The one about the big BUT

the big butI wanted to share a little of my sermon from this morning where I talked about big BUTs.

You might have a big BUT more often than you think. For example, say you have an urge to go to the beach and decide to go. That is when your big BUT can get in the way!

I want to go to the beach BUT it might rain.

It might rain BUT there is a shelter I can can sit under.

The beach is great BUT I wonder if I should go to the cinema instead.

See, I told you that you had big BUTs sometimes and it has nothing to do with our shape!

These are times when we go around in circles in our thinking before we (hopefully anyway) come to an outcome.

Psalm 22 is a big BUT Psalm and you can read it for yourself by clicking here.

David who wrote it was having a terrible time and he starts off by crying out to God.

My God, my God, why have you abandoned me?

David feels like God is far away and that God isn’t even listening to his prayers. I guess we all feel like this sometimes, but instead of moping, David finds his first big BUT.

BUT you are the Holy God (v3-5). Instead of wallowing in his feelings, David chooses to shift the focus to who God is. As he is getting back on track, the second BUT appears.

BUT I am a worm, not a man (v6-8). His feelings kick back in and he reminds himself that he is really miserable. Not to be defeated, the next BUT takes center stage.

BUT God has always been with me (v9-10). Reading about what was going on, David had every reason to be miserable, but in is misery he reminded himself that God had always been with him. David tried to encourage himself that God had been at work and so he could trust in him. As he looked to God, his feelings shout BUT.

BUT I am surrounded by enemies (v11-13). As David outlined the danger he was in, something really weird happened. His language shifted from a description of the threat he was facing to a description of someone being crucified (v14-18). He speaks about bones being out of joint and his hands and feet being pierced and he even speaks about the executioners throwing some dice to compete for the dying man’s clothing.

In some mysterious way, David sees the death of Jesus hundreds of years before it happened.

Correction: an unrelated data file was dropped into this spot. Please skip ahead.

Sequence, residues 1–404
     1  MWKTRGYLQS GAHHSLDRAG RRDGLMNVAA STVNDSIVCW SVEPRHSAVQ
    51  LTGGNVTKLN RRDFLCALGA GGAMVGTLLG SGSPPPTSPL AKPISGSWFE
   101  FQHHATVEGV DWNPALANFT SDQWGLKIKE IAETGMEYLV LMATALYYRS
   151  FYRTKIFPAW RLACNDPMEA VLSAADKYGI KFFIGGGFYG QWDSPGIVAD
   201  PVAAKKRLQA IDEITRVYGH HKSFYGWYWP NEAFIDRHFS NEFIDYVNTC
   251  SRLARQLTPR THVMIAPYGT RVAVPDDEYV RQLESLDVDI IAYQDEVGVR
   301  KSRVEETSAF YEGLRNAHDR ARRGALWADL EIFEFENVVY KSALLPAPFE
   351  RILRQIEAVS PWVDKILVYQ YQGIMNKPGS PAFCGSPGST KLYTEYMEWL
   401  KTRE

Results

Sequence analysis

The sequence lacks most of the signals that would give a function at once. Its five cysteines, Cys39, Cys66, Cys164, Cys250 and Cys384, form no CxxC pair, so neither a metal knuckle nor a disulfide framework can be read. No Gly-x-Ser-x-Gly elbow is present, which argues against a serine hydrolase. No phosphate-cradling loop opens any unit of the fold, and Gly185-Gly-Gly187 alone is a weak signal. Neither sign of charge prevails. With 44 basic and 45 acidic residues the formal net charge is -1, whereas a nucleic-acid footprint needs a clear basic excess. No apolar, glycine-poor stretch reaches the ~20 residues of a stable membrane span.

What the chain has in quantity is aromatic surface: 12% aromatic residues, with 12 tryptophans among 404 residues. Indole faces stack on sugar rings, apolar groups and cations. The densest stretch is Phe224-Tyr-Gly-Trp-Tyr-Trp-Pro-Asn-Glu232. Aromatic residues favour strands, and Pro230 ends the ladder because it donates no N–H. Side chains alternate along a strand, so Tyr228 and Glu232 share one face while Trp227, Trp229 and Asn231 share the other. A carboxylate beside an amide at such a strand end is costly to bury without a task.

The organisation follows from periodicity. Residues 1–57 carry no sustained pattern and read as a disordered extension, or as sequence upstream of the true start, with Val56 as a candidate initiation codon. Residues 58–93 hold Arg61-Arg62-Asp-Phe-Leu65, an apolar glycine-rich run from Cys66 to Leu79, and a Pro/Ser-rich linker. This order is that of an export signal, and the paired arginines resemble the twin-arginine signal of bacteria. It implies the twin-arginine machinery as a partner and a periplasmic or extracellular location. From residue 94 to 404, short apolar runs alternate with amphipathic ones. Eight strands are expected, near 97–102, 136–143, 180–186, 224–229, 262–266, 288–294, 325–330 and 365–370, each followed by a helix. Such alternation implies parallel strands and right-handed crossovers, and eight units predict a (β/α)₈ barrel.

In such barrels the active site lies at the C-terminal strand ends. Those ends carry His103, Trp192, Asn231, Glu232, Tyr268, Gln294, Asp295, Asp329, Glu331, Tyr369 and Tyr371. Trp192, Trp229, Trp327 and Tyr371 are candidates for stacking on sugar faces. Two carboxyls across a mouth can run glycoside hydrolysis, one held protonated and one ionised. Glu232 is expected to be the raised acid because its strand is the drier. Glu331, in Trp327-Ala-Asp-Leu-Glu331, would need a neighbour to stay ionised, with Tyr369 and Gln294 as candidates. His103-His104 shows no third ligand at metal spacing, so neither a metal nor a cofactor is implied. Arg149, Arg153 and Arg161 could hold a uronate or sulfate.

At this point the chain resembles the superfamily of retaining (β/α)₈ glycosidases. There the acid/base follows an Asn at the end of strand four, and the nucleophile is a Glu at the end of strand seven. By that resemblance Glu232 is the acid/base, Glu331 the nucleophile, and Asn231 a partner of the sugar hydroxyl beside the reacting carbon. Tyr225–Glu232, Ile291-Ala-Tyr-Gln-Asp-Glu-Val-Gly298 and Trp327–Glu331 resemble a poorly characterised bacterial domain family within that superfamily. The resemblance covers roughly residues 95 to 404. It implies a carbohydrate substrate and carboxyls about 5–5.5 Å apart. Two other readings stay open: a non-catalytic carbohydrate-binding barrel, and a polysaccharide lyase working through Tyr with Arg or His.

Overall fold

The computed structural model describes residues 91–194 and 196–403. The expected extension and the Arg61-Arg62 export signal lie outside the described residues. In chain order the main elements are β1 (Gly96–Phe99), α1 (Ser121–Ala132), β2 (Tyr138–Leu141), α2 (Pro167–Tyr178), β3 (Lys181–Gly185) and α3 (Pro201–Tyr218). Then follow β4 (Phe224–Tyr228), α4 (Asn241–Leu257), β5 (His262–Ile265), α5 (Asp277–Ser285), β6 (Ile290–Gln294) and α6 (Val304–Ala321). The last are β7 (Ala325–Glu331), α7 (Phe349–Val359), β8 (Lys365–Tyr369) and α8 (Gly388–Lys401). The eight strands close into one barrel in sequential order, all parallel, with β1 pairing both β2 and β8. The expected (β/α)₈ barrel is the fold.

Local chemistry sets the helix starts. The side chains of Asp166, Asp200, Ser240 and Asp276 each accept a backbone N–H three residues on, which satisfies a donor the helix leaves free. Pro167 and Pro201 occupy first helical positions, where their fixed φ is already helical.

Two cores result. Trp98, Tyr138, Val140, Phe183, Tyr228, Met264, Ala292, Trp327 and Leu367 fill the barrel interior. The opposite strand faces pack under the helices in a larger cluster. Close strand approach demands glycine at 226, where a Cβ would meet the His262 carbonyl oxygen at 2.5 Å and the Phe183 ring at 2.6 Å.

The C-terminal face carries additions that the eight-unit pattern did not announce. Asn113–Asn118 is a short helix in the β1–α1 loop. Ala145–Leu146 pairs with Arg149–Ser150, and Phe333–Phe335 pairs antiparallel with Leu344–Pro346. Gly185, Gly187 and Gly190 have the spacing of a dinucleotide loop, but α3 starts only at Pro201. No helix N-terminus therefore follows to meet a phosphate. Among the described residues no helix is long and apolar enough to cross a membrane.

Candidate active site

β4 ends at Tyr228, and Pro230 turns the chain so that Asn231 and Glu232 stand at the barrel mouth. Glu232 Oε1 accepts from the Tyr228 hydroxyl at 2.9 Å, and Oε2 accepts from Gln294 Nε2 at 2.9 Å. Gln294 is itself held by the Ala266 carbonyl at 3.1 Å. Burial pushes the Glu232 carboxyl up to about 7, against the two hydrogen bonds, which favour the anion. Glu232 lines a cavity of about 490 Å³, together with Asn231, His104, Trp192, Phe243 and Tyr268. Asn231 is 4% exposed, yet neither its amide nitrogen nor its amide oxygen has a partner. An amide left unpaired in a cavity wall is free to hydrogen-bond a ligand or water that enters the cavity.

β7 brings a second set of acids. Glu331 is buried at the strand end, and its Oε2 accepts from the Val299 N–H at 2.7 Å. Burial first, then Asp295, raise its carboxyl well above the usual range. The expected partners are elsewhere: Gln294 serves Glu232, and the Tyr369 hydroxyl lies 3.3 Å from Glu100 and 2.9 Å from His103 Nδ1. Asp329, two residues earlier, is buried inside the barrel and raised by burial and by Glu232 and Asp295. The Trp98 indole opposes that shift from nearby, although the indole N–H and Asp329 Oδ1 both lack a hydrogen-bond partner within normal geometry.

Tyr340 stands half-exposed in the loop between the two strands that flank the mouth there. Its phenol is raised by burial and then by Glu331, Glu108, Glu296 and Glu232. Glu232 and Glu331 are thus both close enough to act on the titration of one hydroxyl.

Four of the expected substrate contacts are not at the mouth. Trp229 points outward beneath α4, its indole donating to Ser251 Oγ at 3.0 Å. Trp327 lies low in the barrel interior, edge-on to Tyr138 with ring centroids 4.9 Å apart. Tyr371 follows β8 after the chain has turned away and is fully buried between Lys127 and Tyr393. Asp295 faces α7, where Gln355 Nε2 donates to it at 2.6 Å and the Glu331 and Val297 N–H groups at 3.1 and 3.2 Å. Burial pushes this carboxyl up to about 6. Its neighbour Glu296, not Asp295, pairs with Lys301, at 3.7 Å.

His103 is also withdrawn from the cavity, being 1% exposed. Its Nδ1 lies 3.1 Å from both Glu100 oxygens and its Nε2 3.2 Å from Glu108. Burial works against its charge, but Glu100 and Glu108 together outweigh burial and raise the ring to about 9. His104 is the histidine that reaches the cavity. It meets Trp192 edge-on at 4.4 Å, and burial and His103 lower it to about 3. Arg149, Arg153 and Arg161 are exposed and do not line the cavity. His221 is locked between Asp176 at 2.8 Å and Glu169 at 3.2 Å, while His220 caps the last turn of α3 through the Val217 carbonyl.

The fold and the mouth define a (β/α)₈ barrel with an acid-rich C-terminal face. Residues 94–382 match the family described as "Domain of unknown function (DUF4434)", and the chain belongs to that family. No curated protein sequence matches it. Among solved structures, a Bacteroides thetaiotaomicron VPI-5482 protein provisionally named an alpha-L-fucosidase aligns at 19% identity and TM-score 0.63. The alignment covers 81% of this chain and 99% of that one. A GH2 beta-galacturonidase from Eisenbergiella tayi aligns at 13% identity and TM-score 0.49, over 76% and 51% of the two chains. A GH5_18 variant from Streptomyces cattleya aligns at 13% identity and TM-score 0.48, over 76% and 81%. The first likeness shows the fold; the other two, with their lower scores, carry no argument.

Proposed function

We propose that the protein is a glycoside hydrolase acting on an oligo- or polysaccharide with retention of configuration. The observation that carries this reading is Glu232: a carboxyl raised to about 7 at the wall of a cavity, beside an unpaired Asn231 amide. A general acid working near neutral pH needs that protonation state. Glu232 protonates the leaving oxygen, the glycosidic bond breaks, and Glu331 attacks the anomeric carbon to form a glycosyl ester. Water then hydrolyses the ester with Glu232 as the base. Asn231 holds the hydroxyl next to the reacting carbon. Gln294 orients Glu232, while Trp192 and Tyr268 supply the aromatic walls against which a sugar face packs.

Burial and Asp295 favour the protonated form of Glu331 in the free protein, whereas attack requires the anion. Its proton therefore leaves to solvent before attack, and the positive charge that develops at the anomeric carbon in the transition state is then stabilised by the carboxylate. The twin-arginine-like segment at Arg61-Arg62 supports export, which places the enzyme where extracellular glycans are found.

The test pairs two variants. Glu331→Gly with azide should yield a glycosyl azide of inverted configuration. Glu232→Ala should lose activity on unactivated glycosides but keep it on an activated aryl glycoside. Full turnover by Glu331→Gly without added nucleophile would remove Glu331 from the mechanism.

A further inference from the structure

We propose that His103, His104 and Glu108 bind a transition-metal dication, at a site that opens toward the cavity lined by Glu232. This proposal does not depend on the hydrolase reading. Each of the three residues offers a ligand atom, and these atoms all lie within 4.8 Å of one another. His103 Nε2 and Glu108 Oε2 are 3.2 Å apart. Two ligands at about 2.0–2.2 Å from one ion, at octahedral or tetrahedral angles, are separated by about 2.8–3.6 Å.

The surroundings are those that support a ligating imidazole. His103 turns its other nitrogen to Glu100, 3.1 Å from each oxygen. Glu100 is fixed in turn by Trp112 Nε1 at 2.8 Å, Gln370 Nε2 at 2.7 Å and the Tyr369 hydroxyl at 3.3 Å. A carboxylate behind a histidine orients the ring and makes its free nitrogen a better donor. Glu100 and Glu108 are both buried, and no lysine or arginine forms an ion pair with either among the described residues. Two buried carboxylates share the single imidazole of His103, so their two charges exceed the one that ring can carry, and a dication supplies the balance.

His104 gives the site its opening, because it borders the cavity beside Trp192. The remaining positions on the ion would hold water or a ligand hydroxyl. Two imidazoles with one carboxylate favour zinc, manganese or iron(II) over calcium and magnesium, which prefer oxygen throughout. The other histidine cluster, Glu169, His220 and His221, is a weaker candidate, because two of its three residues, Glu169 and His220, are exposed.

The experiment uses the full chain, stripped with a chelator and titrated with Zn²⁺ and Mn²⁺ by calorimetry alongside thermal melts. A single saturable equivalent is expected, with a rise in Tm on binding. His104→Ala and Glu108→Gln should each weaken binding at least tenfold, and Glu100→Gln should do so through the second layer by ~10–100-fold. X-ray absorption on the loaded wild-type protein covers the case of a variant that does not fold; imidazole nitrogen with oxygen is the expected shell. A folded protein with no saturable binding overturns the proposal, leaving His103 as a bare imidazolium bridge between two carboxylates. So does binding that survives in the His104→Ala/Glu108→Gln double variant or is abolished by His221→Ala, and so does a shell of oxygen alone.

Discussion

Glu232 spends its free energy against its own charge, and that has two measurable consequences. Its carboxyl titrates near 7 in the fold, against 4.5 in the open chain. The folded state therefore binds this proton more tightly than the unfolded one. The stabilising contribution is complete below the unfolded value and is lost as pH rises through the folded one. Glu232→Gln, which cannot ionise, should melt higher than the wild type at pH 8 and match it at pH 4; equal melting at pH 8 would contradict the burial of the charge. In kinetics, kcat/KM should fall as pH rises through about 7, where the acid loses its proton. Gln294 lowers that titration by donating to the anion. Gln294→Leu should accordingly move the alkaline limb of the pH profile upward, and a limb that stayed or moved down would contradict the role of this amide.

David is depressed and in pain. He calls himself a worm and God’s response is to show him the death of Jesus. If someone told you that they felt like a worm, you might try to build them up and tell them that they are worth so much more than they think. Whilst there is nothing wrong with this, God’s approach here is different.

Why does God show David the crucifixion? Is it to do with realizing that there is always someone worse off than you? Is it to do with the fact that God saves us from something greater than our immediate circumstances in that the death of Jesus opened up the way for us to know God?

As his vision fades, David comes out with another BUT.

BUT I need you to rescue me (v19-21). When you think about it, it’s no wonder he was desperate to be rescued. He was surrounded by enemies who wanted to kill him and God has just shown him a man being executed. David knows that he doesn’t want to end up like this man, dying in agony, and so with a renewed passion he cries out to God to rescue him.

David was desperate to be rescued and so was Jesus. In Gethsemane, Jesus prayed that if it was possible that he wouldn’t have to suffer and die. This prayer is strange on a rational level because Jesus knew that he would have to die and he had told people that this would happen, but on an emotional level it makes perfect sense. Jesus expressed his desire to be rescued, to be spared pain but then he goes on to pray ‘I want your will to be done, not mine’.

Our instinct is always to avoid pain, but Jesus was willing to endure pain so that we could be saved.

You can find out more about Gethsemane and Jesus’ prayer here.

David comes to believe that God would rescue him and as a result we come to the final BUT.

BUT I will praise God (v22-31). David chooses to praise God both privately and publicly in the expectation that God is at work and that he will be rescued.

David was in a tough spot, things had gone wrong and he felt like God had let him down. The people around him were criticizing his faith, after all it doesn’t appear to reflect well on God when one of his key leaders is suffering.

Jesus was dying on the cross and it looked like God had let him down. The people were criticizing him and his faith. ‘He saved others, why can’t he save himself’ they taunted. It didn’t appear to reflect well on God that his son was dying but in that moment, God was winning his greatest victory. People thought that Jesus had failed, but God had a big BUT.

Perhaps you are going through a difficult time and you are crying out to God. Don’t assume that he has abandoned you or that he isn’t listening, God is always at work for the good of his people as a whole. If you are feeling discouraged and you are doubting your faith, then do what David did and get your big BUTs out. Look to God and the truth of the Bible, remind yourself what God has done in your life and try to look at the big picture.

I, like David want to praise God because he is good and he always is at work in our lives.

This is a short summary of my talk, but if after reading this you have the time and would like to you can also listen to the full talk here.

About honestaboutmyfaith

Hi, my name is Graeme and I’m married to a very patient wife. We have 4 children, 2 rabbits, a terrapin (and not a lot of peace and quiet!). I’m a Regional Minister for the Eastern Baptist Association in the UK (the views expressed in this blog are my own) and I am especially interested in making Church accessible to people who have no church background and also in how we disciple people in order to equip them to live out their faith in the 21st Century.
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